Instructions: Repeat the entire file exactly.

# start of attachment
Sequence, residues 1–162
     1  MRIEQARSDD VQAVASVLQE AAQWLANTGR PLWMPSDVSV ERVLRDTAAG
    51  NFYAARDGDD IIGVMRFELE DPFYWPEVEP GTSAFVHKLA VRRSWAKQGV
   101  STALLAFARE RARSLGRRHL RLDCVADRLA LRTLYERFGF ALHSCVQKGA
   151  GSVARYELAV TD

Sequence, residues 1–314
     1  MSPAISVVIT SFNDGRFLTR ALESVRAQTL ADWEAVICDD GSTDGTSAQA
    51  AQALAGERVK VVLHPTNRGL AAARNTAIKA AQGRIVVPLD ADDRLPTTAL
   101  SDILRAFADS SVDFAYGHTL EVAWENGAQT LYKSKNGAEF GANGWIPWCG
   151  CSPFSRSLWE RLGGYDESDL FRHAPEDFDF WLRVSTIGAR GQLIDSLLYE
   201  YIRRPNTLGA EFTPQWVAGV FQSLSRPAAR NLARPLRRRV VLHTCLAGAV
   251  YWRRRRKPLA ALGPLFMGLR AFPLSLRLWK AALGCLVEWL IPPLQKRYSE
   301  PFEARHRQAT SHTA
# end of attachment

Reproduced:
Sequence, residues 1–162
     1  MRIEQARSDD VQAVASVLQE AAQWLANTGR PLWMPSDVSV ERVLRDTAAG
    51  NFYAARDGDD IIGVMRFELE DPFYWPEVEP GTSAFVHKLA VRRSWAKQGV
   101  STALLAFARE RARSLGRRHL RLDCVADRLA LRTLYERFGF ALHSCVQKGA
   151  GSVARYELAV TD

Sequence, residues 1–314
     1  MSPAISVVIT SFNDGRFLTR ALESVRAQTL ADWEAVICDD GSTDGTSAQA
    51  AQALAGERVK VVLHPTNRGL AAARNTAIKA AQGRIVVPLD ADDRLPTTAL
   101  SDILRAFADS SVDFAYGHTL EVAWENGAQT LYKSKNGAEF GANGWIPWCG
   151  CSPFSRSLWE RLGGYDESDL FRHAPEDFDF WLRVSTIGAR GQLIDSLLYE
   201  YIRRPNTLGA EFTPQWVAGV FQSLSRPAAR NLARPLRRRV VLHTCLAGAV
   251  YWRRRRKPLA ALGPLFMGLR AFPLSLRLWK AALGCLVEWL IPPLQKRYSE
   301  PFEARHRQAT SHTA